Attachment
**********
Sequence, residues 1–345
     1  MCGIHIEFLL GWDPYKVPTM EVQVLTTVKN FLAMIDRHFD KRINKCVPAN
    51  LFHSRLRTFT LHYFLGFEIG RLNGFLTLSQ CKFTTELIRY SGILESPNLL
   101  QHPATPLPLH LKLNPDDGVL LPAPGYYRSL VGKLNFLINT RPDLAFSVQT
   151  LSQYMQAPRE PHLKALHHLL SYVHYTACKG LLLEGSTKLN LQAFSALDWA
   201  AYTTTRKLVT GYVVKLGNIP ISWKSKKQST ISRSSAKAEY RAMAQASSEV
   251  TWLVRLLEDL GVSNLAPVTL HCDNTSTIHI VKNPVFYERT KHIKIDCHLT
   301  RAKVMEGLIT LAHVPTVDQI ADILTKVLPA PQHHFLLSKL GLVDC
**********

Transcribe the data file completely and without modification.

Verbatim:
Sequence, residues 1–345
     1  MCGIHIEFLL GWDPYKVPTM EVQVLTTVKN FLAMIDRHFD KRINKCVPAN
    51  LFHSRLRTFT LHYFLGFEIG RLNGFLTLSQ CKFTTELIRY SGILESPNLL
   101  QHPATPLPLH LKLNPDDGVL LPAPGYYRSL VGKLNFLINT RPDLAFSVQT
   151  LSQYMQAPRE PHLKALHHLL SYVHYTACKG LLLEGSTKLN LQAFSALDWA
   201  AYTTTRKLVT GYVVKLGNIP ISWKSKKQST ISRSSAKAEY RAMAQASSEV
   251  TWLVRLLEDL GVSNLAPVTL HCDNTSTIHI VKNPVFYERT KHIKIDCHLT
   301  RAKVMEGLIT LAHVPTVDQI ADILTKVLPA PQHHFLLSKL GLVDC